PhpStorm 2019.1 Help

Structural Search and Replace Examples

Searching for method calls

The simplest template to search for method calls is $Instance$->$MethodCall$($Arguments$). The Find tool window shows the detected method calls. If you need to locate a method call with the specific number of arguments, you can configure the Count filter for the $Arguments$ variable.

To navigate to the method call in the source code, double-click it in the Find tool window. PhpStorm opens the corresponding file in the editor and positions the caret at the method call.

Structural search method call.png

Searching for PHP classes

If you have a PHP class MyClass:

class MyClass {}

Then the simplest template to search for it is class $a$.

Searching for implementations of interfaces

If you have a PHP interface MyInterface and a class Implementation that implements it:

class Implementation implements MyInterface{}

Then the simplest template to search for the implementation is class $Class$ implements $SomeInterface$ {}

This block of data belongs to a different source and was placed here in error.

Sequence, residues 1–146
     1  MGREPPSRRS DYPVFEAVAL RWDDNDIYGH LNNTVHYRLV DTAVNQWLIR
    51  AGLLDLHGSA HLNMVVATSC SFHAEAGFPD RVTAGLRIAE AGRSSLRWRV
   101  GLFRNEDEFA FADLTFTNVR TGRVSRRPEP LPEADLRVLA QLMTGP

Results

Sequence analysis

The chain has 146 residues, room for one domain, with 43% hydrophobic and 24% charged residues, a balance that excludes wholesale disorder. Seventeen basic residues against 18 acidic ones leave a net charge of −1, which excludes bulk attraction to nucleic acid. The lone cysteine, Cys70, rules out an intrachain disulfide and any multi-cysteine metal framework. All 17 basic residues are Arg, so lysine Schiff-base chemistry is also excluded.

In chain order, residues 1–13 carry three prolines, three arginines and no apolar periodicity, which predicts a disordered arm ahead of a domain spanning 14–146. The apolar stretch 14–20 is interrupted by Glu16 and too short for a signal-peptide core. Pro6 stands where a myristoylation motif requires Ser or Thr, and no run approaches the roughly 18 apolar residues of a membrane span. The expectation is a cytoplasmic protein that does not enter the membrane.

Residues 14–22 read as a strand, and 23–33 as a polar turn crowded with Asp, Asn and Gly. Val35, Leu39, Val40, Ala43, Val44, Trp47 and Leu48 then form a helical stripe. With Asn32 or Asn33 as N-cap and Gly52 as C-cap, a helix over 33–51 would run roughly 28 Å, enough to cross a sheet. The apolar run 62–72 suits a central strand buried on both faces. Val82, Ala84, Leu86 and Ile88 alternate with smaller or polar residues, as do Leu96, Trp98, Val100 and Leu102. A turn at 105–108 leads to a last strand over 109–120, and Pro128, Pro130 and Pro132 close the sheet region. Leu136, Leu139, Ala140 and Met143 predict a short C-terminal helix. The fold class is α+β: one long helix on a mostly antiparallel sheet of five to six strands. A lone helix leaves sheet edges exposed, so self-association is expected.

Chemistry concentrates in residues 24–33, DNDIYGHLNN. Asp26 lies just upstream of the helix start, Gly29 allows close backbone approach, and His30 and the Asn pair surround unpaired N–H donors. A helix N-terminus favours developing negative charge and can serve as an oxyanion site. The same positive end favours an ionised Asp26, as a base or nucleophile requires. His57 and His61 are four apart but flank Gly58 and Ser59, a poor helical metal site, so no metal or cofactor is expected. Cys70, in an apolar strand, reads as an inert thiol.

Searching for descendant classes

If you have a PHP class Parent and a class Descendant that extends it:

class Descendant extends Parent{}

Then the simplest template to search for Descendant is class $Class$ extends $AnotherClass$ {}

Searching for statements

The simplest template to search for if statements is if($var$){$code$}

As a result, the detected occurrences will be shown in the Find tool window, double-click the one you are interested in to navigate to the source code. PhpStorm opens the corresponding file in the editor and positions the caret at the statement.

Structural search if statement

Searching in comments and string literals

The simplest template to find comments or literals containing foo is: $SomethingWeWantToFind$ or "$SomethingWeWantToFind$". To find comments/strings containing some particular words (say, foo as a word), this should be specified as a text constraint.

Searching for XML and HTML tags, attributes, and their values

The simplest template to search for a tag is <$a$/>

By placing constraints on the variable $a$, you can specify which tags you want to find. For example, if you specify the text/regexp constraint app.+, you’ll find the tags whose names start with app.

A more versatile template for searching in XML and HTML is <$tag$ $attribute$="$value$"/> By using this template with properly specified search settings and constraints, you can find practically anything that may occur in XML or HTML. For example, if you specify the text/regexp constraint width for the variable $attribute$, you’ll find all the tags that have the width attribute.

Last modified: 16 April 2019

See Also